When buying drugs online is deadly

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Buying drugs on the Internet saves time and money, but it can be deadly. Indonesia is working to regulate online pharmacies and improve public safety.

Shopping online is quick and easy, but sometimes when the order arrives it will be the wrong size or color – or maybe even a fake version of a branded item. It’s frustrating when it comes to a T-shirt or a pair of shoes, but when it comes to medicine, shoddy and counterfeit products can kill.

Online shopping for pharmaceuticals is a big business in Indonesia. It offers many price options and apps like Halodoc and K-24. Some apps are approved by the Indonesian Food and Drug Authority, so consumers believe it is a safe way to get medicine. They are also happy to avoid the queues and administrative hassles of the puskesmas (government-run clinics), where It is said the drugs are of poor quality anyway.

The Indonesian Ministry of Health settlement launched in 2020 to control online pharmacies and protect society from fake medicines. Among the thousands of online pharmacies, only 12 have an online license. The others are illegal and potentially sell fake drugs. None of the pharmacies on popular e-commerce platforms are registered with the ministry, although they appear to have an “official store” logo and have been verified by the platforms. The regulatory and e-commerce effort to control them seems far from successful, sellers are adept at manipulating the system by trying to ban them.

Like online pharmacies growing up, the risk of consumers receiving fake medicines also increases. The fake medicine trade is worth up to 470 trillion rupees ($31 billion) in middle-income countryaccording to the World Health Organization (WHO).

In early January 2022, three men were arrested in Bogor, after making fake ethical drugs in their auto shop. At the end of 2020, two men have been arrested in Mataram, Nusa Tenggara Barat, when they purchased fake drugs online in Jakarta and allegedly planned to resell them. At the height of the COVID-19 pandemic, people have become frantic about getting antimalarials because they were supposed to be a cure. The total number of fake drugs distributed in the online market remains unknown, but the the risk is high.

Fake drugs imitate the genuine item, but they may endanger health, prolong illness and even cause death. For example, poor quality antimicrobial drugs promote bacterial resistance to antibiotics. When patients develop antibiotic resistance, they need stronger antibiotics to fight the infection and risk death if their infection cannot be managed.

In 2017, fake antimalarials in sub-Saharan Africa caused 64,000 to 158,000 deaths. Fake medicines lead to distrust of the effectiveness of vaccines and medicines, and cost consumers more because their low doses are less effective and can prolong treatment. They also weigh on the health system.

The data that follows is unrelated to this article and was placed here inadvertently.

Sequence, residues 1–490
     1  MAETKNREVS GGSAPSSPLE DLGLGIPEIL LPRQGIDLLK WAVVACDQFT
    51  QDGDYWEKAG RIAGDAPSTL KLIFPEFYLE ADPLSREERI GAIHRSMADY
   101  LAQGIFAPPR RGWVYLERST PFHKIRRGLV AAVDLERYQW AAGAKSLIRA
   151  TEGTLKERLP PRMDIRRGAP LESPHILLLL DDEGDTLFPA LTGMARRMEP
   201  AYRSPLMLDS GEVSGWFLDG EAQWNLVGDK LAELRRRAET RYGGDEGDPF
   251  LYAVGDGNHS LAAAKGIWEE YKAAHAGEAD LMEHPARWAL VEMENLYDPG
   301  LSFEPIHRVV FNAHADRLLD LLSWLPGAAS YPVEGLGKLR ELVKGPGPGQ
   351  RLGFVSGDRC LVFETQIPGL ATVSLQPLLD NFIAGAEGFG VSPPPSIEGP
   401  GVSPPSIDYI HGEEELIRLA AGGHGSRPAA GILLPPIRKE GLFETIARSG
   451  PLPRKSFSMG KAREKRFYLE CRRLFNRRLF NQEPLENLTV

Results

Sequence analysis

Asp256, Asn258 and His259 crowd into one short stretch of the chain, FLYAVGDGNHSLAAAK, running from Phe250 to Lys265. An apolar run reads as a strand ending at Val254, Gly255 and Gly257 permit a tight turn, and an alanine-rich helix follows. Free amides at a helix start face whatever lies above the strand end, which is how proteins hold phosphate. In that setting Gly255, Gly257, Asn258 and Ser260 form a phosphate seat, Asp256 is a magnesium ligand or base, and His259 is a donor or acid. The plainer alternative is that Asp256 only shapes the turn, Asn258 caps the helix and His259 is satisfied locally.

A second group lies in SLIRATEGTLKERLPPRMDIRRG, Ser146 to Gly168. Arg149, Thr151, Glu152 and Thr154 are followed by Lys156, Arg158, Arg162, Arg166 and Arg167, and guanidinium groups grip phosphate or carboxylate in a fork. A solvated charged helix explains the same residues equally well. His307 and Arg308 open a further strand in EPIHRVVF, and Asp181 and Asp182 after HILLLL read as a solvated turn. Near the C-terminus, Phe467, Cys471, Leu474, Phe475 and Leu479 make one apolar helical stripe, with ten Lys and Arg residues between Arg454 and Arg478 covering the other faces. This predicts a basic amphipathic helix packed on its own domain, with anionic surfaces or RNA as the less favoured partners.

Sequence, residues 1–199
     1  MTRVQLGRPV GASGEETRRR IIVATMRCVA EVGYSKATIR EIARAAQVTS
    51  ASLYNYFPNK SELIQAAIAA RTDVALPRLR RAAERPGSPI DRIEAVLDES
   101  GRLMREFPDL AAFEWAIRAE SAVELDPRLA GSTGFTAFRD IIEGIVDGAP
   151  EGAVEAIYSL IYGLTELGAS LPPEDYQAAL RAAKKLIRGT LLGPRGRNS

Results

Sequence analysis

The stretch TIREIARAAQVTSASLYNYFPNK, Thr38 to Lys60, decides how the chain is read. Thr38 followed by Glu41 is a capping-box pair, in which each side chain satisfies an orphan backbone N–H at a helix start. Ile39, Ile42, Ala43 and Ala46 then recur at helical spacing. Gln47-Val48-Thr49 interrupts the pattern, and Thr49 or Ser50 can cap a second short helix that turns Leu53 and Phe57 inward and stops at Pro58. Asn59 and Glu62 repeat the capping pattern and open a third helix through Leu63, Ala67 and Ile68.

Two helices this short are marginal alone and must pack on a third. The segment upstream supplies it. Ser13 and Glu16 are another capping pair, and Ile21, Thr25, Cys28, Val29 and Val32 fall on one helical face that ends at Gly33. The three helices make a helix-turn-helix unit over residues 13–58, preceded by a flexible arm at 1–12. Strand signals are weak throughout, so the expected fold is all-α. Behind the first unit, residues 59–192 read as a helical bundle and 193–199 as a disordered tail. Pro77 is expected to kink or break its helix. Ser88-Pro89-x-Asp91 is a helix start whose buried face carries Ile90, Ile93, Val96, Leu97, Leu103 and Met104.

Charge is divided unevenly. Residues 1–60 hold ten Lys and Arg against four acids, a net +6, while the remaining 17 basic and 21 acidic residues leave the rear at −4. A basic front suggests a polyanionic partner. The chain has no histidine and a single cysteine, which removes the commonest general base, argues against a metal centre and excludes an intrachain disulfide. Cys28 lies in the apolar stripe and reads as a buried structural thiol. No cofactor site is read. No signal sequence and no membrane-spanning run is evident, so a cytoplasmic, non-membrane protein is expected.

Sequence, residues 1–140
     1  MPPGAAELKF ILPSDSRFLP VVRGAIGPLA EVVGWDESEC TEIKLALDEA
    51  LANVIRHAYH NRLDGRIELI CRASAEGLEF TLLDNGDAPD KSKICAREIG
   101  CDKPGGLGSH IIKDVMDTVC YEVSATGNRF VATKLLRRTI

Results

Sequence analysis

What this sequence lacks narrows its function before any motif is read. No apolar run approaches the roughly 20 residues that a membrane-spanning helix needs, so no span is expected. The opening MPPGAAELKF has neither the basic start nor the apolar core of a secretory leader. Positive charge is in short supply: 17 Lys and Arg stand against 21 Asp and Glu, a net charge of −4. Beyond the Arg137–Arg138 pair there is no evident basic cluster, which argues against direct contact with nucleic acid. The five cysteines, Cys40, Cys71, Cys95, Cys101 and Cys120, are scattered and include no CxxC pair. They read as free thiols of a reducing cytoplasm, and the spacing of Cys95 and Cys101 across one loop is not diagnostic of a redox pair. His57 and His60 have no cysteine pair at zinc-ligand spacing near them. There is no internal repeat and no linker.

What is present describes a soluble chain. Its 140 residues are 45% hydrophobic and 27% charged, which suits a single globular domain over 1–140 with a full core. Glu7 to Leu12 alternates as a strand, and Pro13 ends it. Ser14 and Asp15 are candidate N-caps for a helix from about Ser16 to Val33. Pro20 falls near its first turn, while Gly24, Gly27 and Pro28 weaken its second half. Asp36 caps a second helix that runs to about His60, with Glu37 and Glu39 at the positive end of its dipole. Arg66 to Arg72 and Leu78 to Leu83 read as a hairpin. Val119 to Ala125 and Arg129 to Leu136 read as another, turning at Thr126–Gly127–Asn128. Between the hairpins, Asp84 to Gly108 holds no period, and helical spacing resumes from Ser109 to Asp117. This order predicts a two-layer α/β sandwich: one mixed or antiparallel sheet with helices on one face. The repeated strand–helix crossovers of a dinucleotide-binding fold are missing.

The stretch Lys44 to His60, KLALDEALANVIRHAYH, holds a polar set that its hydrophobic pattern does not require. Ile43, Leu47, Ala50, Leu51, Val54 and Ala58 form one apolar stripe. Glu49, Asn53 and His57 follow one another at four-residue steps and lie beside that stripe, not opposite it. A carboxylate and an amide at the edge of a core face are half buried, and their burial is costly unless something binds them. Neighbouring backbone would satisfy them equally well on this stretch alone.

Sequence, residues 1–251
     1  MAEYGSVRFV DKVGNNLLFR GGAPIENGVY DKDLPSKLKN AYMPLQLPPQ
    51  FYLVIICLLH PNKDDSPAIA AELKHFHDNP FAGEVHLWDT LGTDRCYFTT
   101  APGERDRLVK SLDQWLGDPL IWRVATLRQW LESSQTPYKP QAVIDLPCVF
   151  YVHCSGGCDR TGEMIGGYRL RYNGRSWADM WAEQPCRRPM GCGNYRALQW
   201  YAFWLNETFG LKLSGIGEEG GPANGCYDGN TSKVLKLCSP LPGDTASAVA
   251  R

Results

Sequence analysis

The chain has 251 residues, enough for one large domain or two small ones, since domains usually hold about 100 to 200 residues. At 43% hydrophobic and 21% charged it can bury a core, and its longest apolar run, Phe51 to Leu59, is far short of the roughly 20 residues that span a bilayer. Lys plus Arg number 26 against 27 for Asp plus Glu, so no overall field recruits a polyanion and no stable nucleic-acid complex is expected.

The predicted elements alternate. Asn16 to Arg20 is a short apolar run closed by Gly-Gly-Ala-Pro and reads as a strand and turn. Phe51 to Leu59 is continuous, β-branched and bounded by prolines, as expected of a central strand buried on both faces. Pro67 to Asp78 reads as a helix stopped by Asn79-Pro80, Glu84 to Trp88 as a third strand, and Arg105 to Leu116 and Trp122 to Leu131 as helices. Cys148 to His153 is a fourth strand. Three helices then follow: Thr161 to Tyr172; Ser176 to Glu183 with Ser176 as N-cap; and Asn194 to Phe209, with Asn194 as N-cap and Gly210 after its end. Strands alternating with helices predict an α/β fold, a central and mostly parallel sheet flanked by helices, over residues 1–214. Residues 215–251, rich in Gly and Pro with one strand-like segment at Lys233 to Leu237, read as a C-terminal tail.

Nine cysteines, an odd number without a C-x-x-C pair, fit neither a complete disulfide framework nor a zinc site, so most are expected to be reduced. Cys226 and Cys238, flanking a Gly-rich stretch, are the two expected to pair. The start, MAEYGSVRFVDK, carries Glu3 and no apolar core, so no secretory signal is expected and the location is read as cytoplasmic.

The economic cost counterfeit antimalarials in sub-Saharan Africa averaged US$21.4 million to US$52.4 million per year due to the treatment needed to manage the additional cases they created.

Indonesia’s healthcare program has struggled to stick to his budget and faces a deficit of 51 trillion rupees ($3.4 billion). One strategy to ensure the financial sustainability of the program is to reduce the drug budget. Some might wonder if this would lead to poor quality drugs, but the findings of Brawijaya University and George Institute show that universal health care provisions such as Indonesia’s national insurance scheme provide quality medicines.

Given the limited budget and complex supply system, drug manufacturers have struggled to maintain the quality of their production.

Obtaining medicines through unlicensed channels carries a high risk, but official and licensed channels also carry risks. In 2019, the Indonesian Food and Drugs Administration started a business against a pharmaceutical distributor who had repackaged generic and expired drugs in new packaging and sold them to 197 pharmacies at a higher price. An inquest into the death of an infant in 2016 revealed a fake vaccine syndicate which had been in operation for more than 10 years. Union members, including medical staff, had distributed the vaccines to 47 private hospitals and health clinics.

For the perpetrators of these schemes, the motive is clear: huge profits. For patients buying drugs through unofficial channels, the incentive is usually to save money, as fake drugs tend to be cheaper. Although fake drugs can be found anywhere, going to clinics or hospitals is safer than buying drugs online. Obtaining medicines through the Indonesian national insurance program usually also ensures good quality.

These queues at puskesmas are worth for safe and genuine medicines. And the time spent in the queue could be used to order a new pair of shoes online. Hopefully, when they do arrive, they’ll be the real deal.

Yusi Anggriani is a lecturer in public health at the Faculty of Pharmacy, Pancasila University, Jakarta, Indonesia. She directs the systematic monitoring of high-risk drugs (STARmeds). His research interests are pharmacoeconomics and public health.

Stanley Saputra is the Engagement Manager for the STARmeds study.

STARmeds is a joint research project between Pancasila University in Indonesia, Imperial College London in the UK and Erasmus University in the Netherlands. It is supported by the UK’s National Institute of Health Research.

Originally published under Creative Commons by 360info™.

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